TORONTO — Ontario’s Liberal government is dismissing Opposition claims that today’s budget will lead to a very expensive downgrade in the province’s credit rating.
New York-based Moody’s recently lowered Ontario’s outlook from stable to negative, citing concerns about the province’s ability to eliminate a $12.5 billion deficit in three years.
Interim Progressive Conservative Leader Jim Wilson says Moody’s made it clear it didn’t like the May 1 budget that triggered last month’s election, and the Liberals plan to re-introduce the identical fiscal blueprint today.
Wilson says the budget was “a hodgepodge of new programs and expanded spending” that Ontario simply cannot afford.
But Finance Minister Charles Sousa says the credit rating agencies like the fact the Liberals won a majority on June 12, saying investors are pleased there is a “more stable” government.
NDP Leader Andrea Horwath says she has concerns that the budget will allow “the wholesale sell-off” of assets like the LCBO and Hydro One and that the Liberals aren’t coming clean about the need for massive layoffs to balance the books.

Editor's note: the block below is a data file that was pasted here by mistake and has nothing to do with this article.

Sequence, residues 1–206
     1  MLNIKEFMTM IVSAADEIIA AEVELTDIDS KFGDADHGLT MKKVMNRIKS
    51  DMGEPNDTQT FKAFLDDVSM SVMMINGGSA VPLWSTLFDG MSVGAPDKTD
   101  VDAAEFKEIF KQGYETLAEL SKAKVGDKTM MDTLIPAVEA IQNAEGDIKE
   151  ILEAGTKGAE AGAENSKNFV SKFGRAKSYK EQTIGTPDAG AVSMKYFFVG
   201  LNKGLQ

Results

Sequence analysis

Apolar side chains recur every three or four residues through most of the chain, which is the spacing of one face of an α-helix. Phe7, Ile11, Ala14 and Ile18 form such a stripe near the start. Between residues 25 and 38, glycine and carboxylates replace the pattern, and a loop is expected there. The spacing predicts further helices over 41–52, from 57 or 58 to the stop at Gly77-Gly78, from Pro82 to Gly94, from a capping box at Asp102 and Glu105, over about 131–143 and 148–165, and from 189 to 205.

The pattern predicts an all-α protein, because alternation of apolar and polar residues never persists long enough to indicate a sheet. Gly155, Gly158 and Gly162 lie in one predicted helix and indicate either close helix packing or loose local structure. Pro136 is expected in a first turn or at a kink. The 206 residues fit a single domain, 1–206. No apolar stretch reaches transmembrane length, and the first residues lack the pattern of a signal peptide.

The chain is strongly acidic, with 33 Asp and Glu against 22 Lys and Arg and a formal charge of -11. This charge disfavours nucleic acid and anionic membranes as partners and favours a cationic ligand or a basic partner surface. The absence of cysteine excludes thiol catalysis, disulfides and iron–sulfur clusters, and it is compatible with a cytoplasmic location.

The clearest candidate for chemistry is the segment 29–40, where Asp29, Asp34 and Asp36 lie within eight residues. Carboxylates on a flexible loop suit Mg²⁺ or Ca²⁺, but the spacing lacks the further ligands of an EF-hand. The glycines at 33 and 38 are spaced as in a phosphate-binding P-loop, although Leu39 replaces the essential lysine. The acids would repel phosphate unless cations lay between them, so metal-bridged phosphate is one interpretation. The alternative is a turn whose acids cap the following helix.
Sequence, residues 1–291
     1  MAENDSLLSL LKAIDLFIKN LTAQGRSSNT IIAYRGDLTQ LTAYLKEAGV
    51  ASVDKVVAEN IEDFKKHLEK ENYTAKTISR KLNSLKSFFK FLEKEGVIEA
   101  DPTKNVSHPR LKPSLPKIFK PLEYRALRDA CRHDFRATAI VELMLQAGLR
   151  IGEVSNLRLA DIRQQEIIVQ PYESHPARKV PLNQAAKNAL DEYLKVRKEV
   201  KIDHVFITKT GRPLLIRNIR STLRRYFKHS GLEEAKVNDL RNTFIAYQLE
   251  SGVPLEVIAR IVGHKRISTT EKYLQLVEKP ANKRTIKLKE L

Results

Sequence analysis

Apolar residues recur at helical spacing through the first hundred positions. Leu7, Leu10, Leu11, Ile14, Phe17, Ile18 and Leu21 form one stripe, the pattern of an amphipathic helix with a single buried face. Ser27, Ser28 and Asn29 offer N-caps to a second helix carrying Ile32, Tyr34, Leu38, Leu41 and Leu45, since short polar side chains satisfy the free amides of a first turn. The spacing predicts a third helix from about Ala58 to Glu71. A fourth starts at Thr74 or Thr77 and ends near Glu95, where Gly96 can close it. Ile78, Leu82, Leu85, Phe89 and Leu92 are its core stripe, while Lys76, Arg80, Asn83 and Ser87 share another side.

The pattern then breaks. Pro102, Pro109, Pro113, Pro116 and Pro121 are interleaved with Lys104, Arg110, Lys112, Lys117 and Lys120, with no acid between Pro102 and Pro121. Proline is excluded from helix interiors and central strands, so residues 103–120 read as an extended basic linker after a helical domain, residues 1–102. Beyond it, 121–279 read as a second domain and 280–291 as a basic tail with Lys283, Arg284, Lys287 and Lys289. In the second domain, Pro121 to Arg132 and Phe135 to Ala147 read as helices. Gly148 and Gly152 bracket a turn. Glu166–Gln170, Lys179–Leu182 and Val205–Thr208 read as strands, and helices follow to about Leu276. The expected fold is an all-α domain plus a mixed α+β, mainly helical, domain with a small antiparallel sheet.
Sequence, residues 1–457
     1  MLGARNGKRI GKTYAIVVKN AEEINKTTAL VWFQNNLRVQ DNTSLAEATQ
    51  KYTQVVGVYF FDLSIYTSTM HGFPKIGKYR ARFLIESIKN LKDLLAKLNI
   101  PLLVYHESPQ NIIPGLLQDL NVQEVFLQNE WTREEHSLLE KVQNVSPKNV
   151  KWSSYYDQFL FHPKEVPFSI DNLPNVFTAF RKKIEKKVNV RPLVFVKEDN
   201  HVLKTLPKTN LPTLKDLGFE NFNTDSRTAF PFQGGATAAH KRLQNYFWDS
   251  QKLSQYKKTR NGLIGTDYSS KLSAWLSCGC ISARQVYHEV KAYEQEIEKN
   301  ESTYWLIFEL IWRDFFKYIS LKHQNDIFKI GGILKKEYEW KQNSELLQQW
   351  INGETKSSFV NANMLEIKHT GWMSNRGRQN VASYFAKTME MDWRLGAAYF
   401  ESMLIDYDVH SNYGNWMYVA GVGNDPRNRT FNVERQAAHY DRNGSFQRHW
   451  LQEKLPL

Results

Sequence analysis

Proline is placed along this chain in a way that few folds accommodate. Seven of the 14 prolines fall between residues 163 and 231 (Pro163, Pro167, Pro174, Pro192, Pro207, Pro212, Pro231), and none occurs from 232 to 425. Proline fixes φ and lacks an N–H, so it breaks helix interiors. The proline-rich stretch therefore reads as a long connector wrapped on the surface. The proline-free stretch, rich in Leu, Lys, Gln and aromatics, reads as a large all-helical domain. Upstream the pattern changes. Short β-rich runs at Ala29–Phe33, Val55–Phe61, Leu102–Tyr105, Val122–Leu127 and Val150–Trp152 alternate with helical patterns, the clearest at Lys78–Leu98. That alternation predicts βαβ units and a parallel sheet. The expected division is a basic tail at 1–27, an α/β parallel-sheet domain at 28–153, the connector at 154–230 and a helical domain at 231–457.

The key details of the budget were reported in May, including $29 billion for public transit and infrastructure projects, $2.5 billion for corporate grants to job creators and $1 billion to develop the Ring of Fire mineral deposit in northern Ontario.
It will also increase taxes for individuals earning more than $150,000, and create a new provincial pension plan for the nearly two-thirds of Ontario workers who don’t have already have a pension, requiring contributions from companies and employees.
There are also pledges to build new college and university campuses, create spaces for 15,000 more post secondary students, and to increase the number of apprentices training in Ontario.